A 21-year-old black male basketball player undergoes a routine pre-participation physical. He reports no symptoms, and there is no family history of cardiomyopathy, sudden cardiac death, or premature coronary artery disease. On examination, his blood pressure is 132/61 mm Hg, and cardiac auscultation reveals no murmurs standing, supine, or with Valsalva maneuver. The remainder of the examination is normal. The results of a routine pre-participation electrocardiogram (ECG) can be seen in Figure 1.
The correct answer is: A. Allow athlete to participate in training; no additional testing needed.
This ECG is considered within normal limits based on modern criteria for athletes, and therefore no additional testing is required. There are several findings on this ECG that would be classified as abnormal in the general population, but are considered within normal limits for athletes:1-3
- Voltage Criteria for Left Ventricular Hypertrophy (LVH): Approximately 40% of athletes' ECGs manifest voltage criteria for LVH due to athletic remodeling of the heart and generally thin body habitus. Modern criteria for interpreting athletes' ECGs classify hypervoltage as a normal variant. However, it is considered abnormal if there are associated repolarization abnormalities, including inferolateral T wave inversions or ST segment depression.
- First-Degree Atrioventricular Block (AVB): Cardiac adaptation to exercise can also include autonomic remodeling with increased vagal tone. This may manifest on the ECG as sinus bradycardia (with or without escape rhythms), first-degree AVB, or Mobitz type I second-degree AVB(Wenckebach). Higher-degree AVB are considered abnormal and warrant further evaluation.1-3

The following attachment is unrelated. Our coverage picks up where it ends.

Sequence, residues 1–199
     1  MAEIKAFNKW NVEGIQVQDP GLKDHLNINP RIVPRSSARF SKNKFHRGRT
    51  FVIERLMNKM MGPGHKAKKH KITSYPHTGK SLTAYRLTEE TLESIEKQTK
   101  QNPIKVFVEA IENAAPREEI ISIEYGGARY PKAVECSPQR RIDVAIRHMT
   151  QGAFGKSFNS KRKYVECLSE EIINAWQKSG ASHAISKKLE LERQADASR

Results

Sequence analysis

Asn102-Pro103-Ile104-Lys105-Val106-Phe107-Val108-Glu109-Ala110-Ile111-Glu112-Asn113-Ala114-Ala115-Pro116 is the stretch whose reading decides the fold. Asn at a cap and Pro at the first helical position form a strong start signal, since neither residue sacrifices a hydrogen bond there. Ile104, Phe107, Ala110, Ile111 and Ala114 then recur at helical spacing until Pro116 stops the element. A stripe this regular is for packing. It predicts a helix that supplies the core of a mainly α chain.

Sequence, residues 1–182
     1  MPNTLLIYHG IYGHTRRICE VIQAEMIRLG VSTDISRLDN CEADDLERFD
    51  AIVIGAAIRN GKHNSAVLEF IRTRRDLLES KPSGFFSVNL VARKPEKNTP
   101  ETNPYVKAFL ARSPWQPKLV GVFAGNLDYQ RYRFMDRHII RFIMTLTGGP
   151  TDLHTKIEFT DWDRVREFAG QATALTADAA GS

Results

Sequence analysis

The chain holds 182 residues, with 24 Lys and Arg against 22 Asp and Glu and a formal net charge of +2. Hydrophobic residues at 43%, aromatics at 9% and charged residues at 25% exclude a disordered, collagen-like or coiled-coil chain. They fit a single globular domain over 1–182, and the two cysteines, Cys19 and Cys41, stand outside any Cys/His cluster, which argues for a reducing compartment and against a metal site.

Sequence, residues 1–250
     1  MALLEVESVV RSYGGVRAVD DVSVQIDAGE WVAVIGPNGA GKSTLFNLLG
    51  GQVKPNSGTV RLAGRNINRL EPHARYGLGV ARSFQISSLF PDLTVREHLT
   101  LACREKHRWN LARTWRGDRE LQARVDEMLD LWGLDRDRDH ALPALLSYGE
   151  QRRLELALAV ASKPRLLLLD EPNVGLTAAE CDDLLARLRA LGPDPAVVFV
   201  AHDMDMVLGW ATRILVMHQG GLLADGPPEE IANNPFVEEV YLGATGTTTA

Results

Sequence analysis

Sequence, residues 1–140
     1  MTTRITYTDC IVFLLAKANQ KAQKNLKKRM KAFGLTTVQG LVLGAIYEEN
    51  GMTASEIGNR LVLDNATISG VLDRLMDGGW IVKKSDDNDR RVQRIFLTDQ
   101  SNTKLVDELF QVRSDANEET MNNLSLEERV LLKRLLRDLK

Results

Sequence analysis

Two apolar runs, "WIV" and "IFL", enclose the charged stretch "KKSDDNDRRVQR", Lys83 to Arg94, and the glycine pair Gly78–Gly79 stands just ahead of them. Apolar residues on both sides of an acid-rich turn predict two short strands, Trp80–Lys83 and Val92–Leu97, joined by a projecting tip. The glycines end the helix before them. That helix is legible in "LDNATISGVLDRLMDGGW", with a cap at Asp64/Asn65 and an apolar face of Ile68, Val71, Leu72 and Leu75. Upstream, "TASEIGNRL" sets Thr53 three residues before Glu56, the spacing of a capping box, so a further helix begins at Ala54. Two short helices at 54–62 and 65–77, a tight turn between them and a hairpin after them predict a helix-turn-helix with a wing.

- Anterior T Wave Inversions: The pattern of T wave inversions seen on this ECG includes ST segment elevation, followed by T wave inversion seen partially in V2 but more prominently in V3. This pattern of anterior septal and anterior wall T wave inversion is considered a normal variant of early repolarization seen in some black athletes. T wave inversions that occur in absence of ST segment elevation, or those extending beyond lead V4, are considered pathologic. These changes are much less common in non-black athletes and should be considered abnormal until additional data in these groups is available.
- Corrado D, Pelliccia A, Heidbuchel H, et al. Recommendations for interpretation of 12-lead electrocardiogram in the athlete. Eur Heart J 2010;31:243-59.
- Drezner JA, Ackerman MJ, Anderson J, et al. Electrocardiographic interpretation in athletes: the 'Seattle Criteria'. Br J Sports Med 2013;47:122-4.
- Drezner JA, Fischbach P, Froelicher V, et al. Normal electrocardiographic findings: recognising physiological adaptations in athletes. Br J Sports Med 2013;47:125-36.